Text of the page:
April 25, 2006

Second Life

Second life is 3-D virtual world built and owner entirely by its residents. It is one of a new generation of massively multiplayer online real-life games created by San Francisco based Linden labs. The idea behind Second Life is to give its residents or citizens the ability to built, develop and participate in the Second Life economy.

Started in 2003 the Second Life game now has over 100,000 citizens from all around the world. These citizens do all the things they do in real life in the game. From buying and selling land and buildings, to creating and developing objects that can range from cars to spaceships.

In Second Life your persona is represented by an Avatar – something you create and modify as you like. When I set up my Avatar (my name in Second Life is Gorog Senior) I chose to give it long black hair and I was given a ‘Second Life’ t-shirt by one of the residents I bumped into while exploring the world. Most often Avatars are human shaped but there are many Avatars in Second Life that have tails and look like rabbits as well – in a virtual world anything goes.

Like any real world there is a lot to do in Second Life. You can for example buy land (using the online currency called Lindens), build a block of flats and then resell the flats to those who need somewhere to live while online. When Second Life began there was a total of 64 acres of land, now in 2006 there are 20,000.

If you are good with creations you could start a factory that produces cars that you can then sell to others who need transport. There are literally thousands of items for sale – click here. There are categories ranging from Building Components to Scripts – the language of choice in Second Life. If you plan on buying and selling you’ll need to use Linden’s. You’ll get about 300 Linden’s for each US Dollar. As an example a 3-story luxury home will cost you about 6500 Linden, or about $20USD.

A basic account is free and includes access to everything. If you want to own land you’ll need a premium account these plans start at $9.95US per month.

April 19, 2006


YouTube is a free online video streaming service that allows users to view and share videos that have been uploaded by other YouTube members. Think of it as a kind of online video library where anyone can upload any type of video. The best part about this service – like other social Web 2.0 properties is that it is free to use. It was founded in early 2005 by the same group of entrepreneurs that started PayPal – the wildly successful online payment system.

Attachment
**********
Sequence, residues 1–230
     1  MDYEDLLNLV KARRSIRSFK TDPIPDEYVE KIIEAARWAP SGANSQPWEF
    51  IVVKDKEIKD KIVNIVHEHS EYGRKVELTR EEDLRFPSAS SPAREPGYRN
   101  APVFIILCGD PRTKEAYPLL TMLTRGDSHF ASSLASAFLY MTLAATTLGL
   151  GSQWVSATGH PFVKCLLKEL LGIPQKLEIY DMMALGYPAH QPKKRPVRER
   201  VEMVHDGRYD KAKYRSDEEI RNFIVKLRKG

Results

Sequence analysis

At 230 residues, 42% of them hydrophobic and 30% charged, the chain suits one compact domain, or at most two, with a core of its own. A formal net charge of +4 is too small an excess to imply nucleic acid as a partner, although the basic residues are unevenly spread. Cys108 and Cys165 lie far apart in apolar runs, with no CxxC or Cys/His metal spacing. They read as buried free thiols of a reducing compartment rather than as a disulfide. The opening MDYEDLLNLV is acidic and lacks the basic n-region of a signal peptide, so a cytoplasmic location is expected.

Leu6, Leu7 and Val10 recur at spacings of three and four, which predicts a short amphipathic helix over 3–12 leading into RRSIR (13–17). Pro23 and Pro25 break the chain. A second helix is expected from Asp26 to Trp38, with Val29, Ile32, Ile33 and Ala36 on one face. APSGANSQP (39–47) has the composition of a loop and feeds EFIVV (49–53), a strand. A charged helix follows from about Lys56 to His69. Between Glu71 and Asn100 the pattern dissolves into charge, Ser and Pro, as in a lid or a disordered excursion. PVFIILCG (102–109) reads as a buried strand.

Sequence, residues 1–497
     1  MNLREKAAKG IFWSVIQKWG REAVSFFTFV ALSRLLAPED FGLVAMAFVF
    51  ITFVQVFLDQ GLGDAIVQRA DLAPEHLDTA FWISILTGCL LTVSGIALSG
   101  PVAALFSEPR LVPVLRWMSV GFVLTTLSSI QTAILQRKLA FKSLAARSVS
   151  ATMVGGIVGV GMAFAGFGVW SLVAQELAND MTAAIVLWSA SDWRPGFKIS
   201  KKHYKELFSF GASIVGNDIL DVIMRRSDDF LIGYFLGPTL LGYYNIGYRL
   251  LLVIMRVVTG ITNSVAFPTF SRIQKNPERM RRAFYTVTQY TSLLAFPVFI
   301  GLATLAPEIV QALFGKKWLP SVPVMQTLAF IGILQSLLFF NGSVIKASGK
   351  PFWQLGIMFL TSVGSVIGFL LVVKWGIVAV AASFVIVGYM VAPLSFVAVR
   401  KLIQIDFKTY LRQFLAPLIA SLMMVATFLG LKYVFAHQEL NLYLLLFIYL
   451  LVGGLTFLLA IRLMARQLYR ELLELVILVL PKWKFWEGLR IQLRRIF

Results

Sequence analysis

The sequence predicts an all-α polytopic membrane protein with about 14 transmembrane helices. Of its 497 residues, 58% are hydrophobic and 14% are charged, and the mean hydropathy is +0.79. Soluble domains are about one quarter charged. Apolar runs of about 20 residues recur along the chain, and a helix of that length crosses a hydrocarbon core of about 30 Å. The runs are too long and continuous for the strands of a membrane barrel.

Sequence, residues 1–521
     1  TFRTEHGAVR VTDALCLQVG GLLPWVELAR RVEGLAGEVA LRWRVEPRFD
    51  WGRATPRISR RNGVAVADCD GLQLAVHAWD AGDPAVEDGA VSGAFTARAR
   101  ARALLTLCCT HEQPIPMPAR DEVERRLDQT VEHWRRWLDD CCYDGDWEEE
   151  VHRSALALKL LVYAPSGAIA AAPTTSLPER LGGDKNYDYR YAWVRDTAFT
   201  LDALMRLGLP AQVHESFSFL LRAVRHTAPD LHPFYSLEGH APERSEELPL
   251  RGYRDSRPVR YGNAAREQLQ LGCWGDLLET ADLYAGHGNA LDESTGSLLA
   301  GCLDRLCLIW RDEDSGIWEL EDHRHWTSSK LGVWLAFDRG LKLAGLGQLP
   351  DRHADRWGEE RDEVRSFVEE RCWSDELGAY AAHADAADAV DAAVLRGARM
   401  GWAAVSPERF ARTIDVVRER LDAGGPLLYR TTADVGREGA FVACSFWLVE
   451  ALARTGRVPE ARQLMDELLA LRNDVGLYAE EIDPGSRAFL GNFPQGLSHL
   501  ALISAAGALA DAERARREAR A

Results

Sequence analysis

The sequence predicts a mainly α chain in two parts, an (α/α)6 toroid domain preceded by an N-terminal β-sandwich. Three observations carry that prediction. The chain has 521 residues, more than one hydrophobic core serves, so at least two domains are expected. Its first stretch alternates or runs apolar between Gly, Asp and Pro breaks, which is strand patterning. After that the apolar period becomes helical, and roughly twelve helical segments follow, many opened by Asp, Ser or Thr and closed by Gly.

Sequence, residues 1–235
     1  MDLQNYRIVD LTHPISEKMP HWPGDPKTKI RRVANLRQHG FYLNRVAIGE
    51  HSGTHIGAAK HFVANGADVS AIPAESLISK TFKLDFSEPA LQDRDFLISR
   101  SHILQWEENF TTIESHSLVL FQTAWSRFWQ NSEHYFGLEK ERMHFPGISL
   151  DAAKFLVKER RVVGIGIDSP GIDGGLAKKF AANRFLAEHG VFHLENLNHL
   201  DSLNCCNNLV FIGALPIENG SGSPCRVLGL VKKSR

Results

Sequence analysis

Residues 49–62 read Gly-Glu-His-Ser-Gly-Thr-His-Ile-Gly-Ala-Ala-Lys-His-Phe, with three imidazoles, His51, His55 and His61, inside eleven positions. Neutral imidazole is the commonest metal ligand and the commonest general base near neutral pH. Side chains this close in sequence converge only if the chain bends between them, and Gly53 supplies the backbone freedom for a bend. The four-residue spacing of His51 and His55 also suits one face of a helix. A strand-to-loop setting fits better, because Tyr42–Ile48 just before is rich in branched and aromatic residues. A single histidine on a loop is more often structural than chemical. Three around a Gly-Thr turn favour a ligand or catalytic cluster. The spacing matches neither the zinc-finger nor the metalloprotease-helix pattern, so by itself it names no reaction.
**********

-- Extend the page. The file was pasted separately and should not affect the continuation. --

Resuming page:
Before YouTube there was no easy way for individuals to share video on the Web. The problem of dealing with hundreds of multimedia formats and large files made sharing video clips difficult – even for tech-savvy individuals.

With YouTube you can upload and share your videos worldwide to anyone with Internet access. If you don’t have videos to upload you can always browse and play the thousands of videos available. You’ll find groups of people with similar interests to you (Sports for example) and be able to view and browse their videos. If you host a website YouTube also provide a set of API’s that let you display YouTube videos on your website.

Uploading a video on YouTube is as simple as signing up for a free account. As well as uploading videos, members can also save videos and create custom playlists. Movies for upload need to be in either AVI, .MOV, and .MPG file formats. Uploading can take anywhere from a few minutes to several hours depending on the size and the speed of your connection. YouTube limit each video to 10 minutes in length or 100 Mb. If you want to upload more you’ll need to sign up to become a premium content provider. Once videos are on YouTube they stay there until you remove them. The other requirement for uploading videos is that you own the copywright to the video or have permission from the copywright owner to use the video. Posting commercial content or anything illegal will result in immediate suspension of your account, similar to other community based sites like eBay.

To date YouTube has served over 25 million videos – and is by all accounts the Internet’s premier video service. Google has just begun competing with YouTube through its Google Video service. Google also allow you to purchase commercial videos – something that YouTube doesn’t.

April 13, 2006

One with the lot